Can We Trust Medical Information Online? PDF Print E-mail
Written by Dr. Manshadi M.D.   
Wednesday, 04 June 2014 17:50


Health websites can be a source of valuable health information. Let's look deeper beyond the obvious:

- Should we believe and trust everything that we read on health websites?

- How do we know what we read is truly accurate? Are there a hidden agenda within an article?

- Could the article overly emphasize one aspect of health finding to promote its own product?

- How can we be a smart reader to get the most out of our health articles found on the Internet?

These are some thoughts that came across my mind after I had a patient (that I recently saw in my office) who showed me a printout of an article he had read from the Internet. He wanted me to change his medical regimen. This proves how vulnerable the public is because some people can truly believe everything they read.

Let us examine and have some guidelines as to what to believe and what not to pay attention to when we do our Internet search on the web.

First, the article could be from a reliable source, but what needs to be checked is as to when the article was written. Medical research is at its fluid state. It is not like gross anatomy where the human structures and organs are fixed in one location. Medical knowledge and our understanding of a medical topic can be quite relevant today, but a new finding from a different research that comes up a month later could totally discount the original thought. It would be wise to look at the time frame in which the article was penned.

Second, be inquisitive about the source of the article. Look at the "About us" section of the website to see which organization is responsible for the article. Once you find this out, then the second part to this is to know if that particular source is a respectable one. In general, there are two main topics people may utilize for health help. Cardiovascular health and Cancer treatments are the most important topics. These health issues are ranked as the leading causes of mortality in North America. For Cardiovascular help, the best website would be ACC (American College of Cardiology) and AHA (American Heart Association) websites.

For ACC the website is and for AHA it is These sites are fully professional and backed by science and top doctors. Both of these have journals that print the latest and the best research on cardiovascular health and disease. They tend to both medical professionals and the general public. Next, Top tier university hospitals websites are also a good source. There may be some minor conflict to attract patients to their centers, but they would not compromise their integrity in front of advertisements. If the articles are not written by some reputable organizations, then it might be by one expert. To see if this person is an expert, one needs to check his associations with the Universities and medical Societies. If he has backing from these organizations, then they are a good source of information.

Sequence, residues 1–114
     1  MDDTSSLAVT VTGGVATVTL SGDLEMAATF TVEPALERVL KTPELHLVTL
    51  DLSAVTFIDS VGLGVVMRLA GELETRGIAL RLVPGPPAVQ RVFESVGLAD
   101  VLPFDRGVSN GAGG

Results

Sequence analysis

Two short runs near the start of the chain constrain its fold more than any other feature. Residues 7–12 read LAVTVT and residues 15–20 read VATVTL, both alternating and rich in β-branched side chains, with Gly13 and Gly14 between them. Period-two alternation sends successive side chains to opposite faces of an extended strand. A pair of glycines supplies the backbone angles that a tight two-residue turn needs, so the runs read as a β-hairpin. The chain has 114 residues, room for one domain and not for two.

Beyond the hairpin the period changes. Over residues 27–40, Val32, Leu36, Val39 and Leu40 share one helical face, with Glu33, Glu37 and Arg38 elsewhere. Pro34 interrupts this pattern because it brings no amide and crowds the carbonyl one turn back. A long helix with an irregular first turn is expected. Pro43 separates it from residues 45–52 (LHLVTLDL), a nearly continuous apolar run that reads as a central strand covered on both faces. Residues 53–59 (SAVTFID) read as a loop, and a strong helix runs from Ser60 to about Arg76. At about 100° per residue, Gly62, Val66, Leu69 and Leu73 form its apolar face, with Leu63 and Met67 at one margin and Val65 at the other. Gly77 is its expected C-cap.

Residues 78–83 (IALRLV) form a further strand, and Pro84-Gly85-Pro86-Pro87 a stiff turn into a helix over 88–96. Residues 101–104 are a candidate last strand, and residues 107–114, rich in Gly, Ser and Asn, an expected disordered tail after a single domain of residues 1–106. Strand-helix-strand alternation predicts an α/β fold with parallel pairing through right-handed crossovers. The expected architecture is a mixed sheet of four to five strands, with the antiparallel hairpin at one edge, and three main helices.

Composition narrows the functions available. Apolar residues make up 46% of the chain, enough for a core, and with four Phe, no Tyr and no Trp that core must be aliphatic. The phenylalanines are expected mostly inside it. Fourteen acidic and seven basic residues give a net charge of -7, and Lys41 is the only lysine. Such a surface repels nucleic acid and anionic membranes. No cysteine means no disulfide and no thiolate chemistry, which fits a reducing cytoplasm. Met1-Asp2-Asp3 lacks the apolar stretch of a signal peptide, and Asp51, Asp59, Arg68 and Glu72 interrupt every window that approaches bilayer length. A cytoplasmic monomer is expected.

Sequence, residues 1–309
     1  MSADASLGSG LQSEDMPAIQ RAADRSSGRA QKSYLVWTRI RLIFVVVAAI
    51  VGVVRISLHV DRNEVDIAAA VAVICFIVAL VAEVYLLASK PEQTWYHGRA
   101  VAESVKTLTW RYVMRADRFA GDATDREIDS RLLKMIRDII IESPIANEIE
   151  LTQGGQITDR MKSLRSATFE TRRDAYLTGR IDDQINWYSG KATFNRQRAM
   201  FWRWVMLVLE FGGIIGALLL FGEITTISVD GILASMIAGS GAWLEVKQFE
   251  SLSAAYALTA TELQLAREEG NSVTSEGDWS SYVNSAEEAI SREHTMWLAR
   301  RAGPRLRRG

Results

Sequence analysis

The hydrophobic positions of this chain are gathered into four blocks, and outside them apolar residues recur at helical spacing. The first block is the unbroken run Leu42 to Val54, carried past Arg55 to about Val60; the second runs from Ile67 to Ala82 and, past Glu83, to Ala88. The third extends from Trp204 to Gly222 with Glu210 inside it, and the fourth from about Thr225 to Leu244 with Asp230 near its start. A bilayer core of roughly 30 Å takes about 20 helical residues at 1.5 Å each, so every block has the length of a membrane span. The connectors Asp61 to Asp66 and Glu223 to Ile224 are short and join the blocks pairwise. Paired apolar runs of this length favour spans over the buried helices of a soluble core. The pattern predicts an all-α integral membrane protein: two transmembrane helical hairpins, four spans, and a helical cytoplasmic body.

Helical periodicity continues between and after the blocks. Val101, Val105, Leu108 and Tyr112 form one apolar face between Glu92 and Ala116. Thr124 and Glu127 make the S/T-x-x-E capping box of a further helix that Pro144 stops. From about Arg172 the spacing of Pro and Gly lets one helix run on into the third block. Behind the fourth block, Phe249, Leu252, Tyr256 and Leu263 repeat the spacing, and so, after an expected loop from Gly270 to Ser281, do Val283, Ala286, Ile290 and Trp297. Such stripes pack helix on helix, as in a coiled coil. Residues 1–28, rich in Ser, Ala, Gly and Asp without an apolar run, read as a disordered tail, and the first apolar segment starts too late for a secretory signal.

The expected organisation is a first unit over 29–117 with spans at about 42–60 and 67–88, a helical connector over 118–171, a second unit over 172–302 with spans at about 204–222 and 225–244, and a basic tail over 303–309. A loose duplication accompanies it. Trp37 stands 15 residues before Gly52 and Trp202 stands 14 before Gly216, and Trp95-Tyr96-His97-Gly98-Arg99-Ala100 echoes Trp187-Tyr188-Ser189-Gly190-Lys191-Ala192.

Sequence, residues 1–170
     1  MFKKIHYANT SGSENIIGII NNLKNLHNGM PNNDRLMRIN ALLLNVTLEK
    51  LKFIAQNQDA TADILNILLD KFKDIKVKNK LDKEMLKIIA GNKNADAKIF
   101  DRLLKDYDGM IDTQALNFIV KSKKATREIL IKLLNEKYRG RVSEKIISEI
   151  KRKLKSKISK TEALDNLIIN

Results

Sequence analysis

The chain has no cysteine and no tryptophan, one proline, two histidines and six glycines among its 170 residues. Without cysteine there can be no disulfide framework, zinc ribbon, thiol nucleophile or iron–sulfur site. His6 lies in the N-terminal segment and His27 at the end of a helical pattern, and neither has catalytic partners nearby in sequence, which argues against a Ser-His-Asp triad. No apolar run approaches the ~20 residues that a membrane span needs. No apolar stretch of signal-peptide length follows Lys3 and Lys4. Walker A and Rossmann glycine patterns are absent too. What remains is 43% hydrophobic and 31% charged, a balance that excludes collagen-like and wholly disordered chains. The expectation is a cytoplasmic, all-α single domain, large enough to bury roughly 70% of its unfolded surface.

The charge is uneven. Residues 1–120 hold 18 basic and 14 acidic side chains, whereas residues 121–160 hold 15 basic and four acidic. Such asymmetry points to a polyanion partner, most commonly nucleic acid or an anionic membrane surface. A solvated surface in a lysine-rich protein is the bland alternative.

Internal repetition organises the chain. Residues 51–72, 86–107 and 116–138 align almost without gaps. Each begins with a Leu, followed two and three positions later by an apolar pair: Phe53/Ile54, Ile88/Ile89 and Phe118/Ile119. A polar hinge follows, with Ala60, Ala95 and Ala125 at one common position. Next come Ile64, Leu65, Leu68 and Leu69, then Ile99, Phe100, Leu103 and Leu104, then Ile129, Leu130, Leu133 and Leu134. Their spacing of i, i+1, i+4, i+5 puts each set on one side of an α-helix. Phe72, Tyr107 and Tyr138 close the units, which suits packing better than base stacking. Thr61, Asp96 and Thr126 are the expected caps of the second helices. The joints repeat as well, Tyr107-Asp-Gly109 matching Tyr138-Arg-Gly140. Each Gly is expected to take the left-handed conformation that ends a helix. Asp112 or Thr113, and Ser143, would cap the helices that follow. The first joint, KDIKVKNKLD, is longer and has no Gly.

U.S. government health related information is also reliable. A good example is It provides information on several hundred diseases and conditions. For cancer information, the website for American Cancer Society (, National Cancer Institute (, and would be trustworthy resources.

For some other common health conditions such as Diabetes and Alzheimer disease, the websites to browse are American Diabetes Association (www.diabetes.Org), or the National Diabetes Education program (, and Alzheimer's Association (

Probably the most reliable source would be your trusted physician. One needs to do their due diligence in picking their doctor. Once this is done, one must print the information and bring it to their doctor's attention. The bond that exists between the competent physician and the patient along with proper information from the Internet can help make the appropriate decisions in diagnosing and treating our health issues.

To summarize, patients need to be inquisitive and take an active role in improving their health. One source of information is the Internet. One must follow these rules: make sure the information is not anonymous, the information is not biased where there is an internal conflict, the content is current, and most importantly if the information is too good to be true such as promising a miracle cure, then it is most likely not a reliable source.



Dr. Manshadi MD, FACC, FSCAI, FAHA, FACP is among the top American cardiologists. He is the author of The Wisdom of Heart Health.  The physician is an Interventional Cardiologist who treats patients from prevention to intervention. He is a CMA (California Medical Association) member since 2001. He is a Board-Certified physician with the American Board of Interventional Cardiology, American Board of Cardiology. He combines private practice with Academic Medicine. Presently, he serves as Associate Clinical Professor at UC Davis Medical Center and as Clinical Professor at University of the Pacific among other positions. In addition, he is the Chair of Media Relations for American College of Cardiology, California Chapter. The multi-faceted physician is licensed and certified in nuclear medicine, a subspecialty of radiology. In this regard, he is a member of the American Board of Nuclear Cardiology. It is noteworthy to mention that in his practice, he likes to use innovative tests. If you want to know more about Dr. Manshadi, you can click here: Dr. Ramin Manshadi-Cardiologist. Dr. Manshadi is our health columnist and  is available to answer your questions. You can e-mail him at This e-mail address is being protected from spambots. You need JavaScript enabled to view it and the address of his official website is